The concept of support and resistance levels is one of the reasons for technical analysis.
It is impossible to trade the financial markets based on technical analysis strategies without knowing how to identify and draw support and resistance levels. It’s a skill every technical trader must acquire.
Despite the importance, there are many traders who don’t know how to identify the right levels.
Getting the support and resistance levels wrong will surely lead to bad trading decisions and poor results.
That is why, we’re creating this post to show you how to identify and draw the levels, the tools that help you predict potentially new levels, and how to use support and resistance levels in your trading.
Support and resistance levels: What
do they mean?
Support and resistance levels are price levels where the market finds it difficult to go beyond.
In other words, when the market reaches those levels, the price is likely to reverse and head the opposite direction.
Basically, those levels were major turning points in the past, where the price started a new wave in the opposite direction.
They are like the floor and ceiling, where a bouncing ball hits and changes direction — the ceiling limits the upward movement, while the floor stops the downward movement. The ceiling represents a resistance level, while the floor represents a support level.
What is the support level?
A support level is a price level where a price decline was halted. That is, it is a level where the price stopped making a downward move and turned to head upwards.
The implication is that since the price couldn’t break below that level, there is a greater chance that the same thing will happen when the price gets to that level again, as can be seen in the chart below. Notice the number of times the price bounced off from that level
But why does a support level stop the price from continuing a downward move? The reason is simple — there are more buy orders at that level than there are sell orders.
Many of the buy orders come in the form of limit orders that both institutional and retail traders place there, with the hope that the price would reverse at that level.
There are also take profit orders for short trades taken at higher levels, as well as new buy orders (market orders) by traders who have been waiting for the price to get to that level to jump in.
Knowing that they would find enough liquidity at this level, institutional traders normally leave their buy orders in waiting at such levels.
Sometimes, they purposely push the price lower than the already established support level just to lure more sellers in to fill their buy orders.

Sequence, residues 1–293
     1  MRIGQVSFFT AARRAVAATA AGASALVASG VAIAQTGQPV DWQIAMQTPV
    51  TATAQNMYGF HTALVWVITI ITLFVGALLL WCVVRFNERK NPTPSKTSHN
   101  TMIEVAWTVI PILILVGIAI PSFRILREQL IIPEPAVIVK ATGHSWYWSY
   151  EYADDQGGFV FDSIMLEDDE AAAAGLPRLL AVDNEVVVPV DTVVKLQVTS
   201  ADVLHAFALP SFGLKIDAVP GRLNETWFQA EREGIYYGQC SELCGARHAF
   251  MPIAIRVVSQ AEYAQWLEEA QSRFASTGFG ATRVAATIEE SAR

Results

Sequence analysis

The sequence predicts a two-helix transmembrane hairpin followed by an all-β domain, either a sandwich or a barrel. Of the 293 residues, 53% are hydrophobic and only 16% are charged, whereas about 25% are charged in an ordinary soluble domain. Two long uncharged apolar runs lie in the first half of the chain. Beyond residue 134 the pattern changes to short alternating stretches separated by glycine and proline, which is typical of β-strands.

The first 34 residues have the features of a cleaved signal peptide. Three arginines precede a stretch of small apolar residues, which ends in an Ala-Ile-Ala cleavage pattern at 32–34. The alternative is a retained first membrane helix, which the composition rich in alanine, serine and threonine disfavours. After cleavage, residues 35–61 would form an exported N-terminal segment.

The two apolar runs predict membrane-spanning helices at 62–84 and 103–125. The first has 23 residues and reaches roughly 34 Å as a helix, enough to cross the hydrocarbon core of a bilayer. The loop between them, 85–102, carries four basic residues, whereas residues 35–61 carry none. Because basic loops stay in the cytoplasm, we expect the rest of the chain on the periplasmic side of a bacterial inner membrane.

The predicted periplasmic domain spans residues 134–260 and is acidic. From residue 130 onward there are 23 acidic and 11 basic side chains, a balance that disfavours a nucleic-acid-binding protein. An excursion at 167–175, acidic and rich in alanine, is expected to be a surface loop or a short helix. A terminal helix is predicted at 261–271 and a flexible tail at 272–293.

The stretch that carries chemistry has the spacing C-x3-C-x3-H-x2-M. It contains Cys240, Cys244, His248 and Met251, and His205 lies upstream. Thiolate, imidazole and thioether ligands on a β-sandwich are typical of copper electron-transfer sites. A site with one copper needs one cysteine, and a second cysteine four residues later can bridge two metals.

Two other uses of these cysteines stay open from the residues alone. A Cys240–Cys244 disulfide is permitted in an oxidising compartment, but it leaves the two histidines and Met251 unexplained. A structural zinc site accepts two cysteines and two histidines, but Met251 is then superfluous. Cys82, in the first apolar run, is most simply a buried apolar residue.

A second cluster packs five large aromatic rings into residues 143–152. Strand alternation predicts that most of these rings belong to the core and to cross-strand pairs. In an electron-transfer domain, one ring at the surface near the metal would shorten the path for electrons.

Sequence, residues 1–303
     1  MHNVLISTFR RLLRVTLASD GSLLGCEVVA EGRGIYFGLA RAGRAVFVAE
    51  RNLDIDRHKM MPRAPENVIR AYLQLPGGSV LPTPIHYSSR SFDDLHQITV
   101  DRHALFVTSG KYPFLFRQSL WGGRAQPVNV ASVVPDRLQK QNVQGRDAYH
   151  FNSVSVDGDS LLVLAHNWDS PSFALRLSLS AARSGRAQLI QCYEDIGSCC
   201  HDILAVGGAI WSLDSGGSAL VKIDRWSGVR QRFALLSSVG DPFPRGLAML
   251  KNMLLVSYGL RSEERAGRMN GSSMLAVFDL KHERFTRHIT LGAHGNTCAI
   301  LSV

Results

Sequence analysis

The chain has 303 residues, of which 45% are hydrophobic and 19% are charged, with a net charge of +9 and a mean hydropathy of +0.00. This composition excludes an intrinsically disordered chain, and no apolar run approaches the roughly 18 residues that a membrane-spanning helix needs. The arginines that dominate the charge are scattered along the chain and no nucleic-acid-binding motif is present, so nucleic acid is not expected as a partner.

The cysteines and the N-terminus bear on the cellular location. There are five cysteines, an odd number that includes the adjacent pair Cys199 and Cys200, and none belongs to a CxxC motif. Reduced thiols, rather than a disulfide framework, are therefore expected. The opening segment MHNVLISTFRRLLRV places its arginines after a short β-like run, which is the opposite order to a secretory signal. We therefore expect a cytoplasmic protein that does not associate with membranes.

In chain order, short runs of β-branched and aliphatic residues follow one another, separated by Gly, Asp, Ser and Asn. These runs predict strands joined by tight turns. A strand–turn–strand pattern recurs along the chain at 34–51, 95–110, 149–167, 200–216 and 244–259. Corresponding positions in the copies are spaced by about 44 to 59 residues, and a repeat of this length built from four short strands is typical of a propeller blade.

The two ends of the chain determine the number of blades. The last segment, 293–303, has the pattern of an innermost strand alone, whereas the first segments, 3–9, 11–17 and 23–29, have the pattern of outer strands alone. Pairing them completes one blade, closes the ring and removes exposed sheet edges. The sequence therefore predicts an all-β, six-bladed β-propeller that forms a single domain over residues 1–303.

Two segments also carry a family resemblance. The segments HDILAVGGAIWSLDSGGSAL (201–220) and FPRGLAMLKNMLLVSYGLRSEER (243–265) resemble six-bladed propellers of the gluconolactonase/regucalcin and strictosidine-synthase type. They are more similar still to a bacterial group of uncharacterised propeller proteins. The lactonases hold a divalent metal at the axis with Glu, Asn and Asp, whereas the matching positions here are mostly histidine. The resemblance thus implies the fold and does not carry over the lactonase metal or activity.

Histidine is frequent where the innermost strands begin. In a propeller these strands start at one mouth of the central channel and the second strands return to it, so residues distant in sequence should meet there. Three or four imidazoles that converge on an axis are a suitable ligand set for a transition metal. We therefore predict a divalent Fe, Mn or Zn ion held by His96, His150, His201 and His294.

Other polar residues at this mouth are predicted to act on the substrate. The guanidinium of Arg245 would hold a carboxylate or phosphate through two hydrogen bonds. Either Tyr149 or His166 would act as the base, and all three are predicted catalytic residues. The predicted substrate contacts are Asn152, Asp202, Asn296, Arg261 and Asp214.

As a rule, the support level lies below the current price level and may serve as the lower limit of a downward price wave, thereby becoming a floor (bounce off point) for the next upswing.
This holds true at all times — it doesn’t matter whether the price is in an uptrend, downtrend, or moving sideways (a ranging market).
However, the type of price wave that ends at a support level and, consequently, the nature of trade setups that forms there depends on the direction of the trend.
In an uptrend, pullback waves tend to reverse at support levels, and you may find trade setups in the direction of the trend.
But in a downtrend, it’s the impulse waves that end at support levels, so any setup that occurs there gives a counter-trend trade, and there’s a higher chance that the price will break below it to continue the trend.
Compare the chart below with the one above. Here, the support level stood in the way of the strong downward impulse waves and was eventually broken.
What is the resistance level?
The resistance level is a price level where an upward price swing stops, and the price turns downwards.
It is where an upswing gave way for a downswing to begin.
Since the price found it difficult to break above that level, it is highly likely that the price will reverse again if it gets to that level.
Take a look at the chart below. Notice how the price hit that level three times without breaching it
But what exactly makes the price turn downwards when it reaches a resistance level?
Well, the answer is that there is usually a huge number of sell orders at any significant resistance level.
Some of those sell orders are limit orders placed by traders, with the belief that the price would reverse at that level — a self-fulfilling prophecy.
There are also current sell orders (market orders) placed by traders who have been on the sidelines waiting for the price to get to that level so as to ride it down.
In addition, take profit orders for long positions entered at lower levels are also placed close to the resistance level.
The enormous liquidity found around resistance levels makes it very attractive for institutional traders who are looking to go short.
To fill their huge short orders, these big players sometimes push the price a little bit above the resistance zone to attract buyers so that they can fill their sell orders.
As a rule, the resistance level must be above the current price level so that it can serve as the upper limit of an upward price move and the turning point for the next downswing.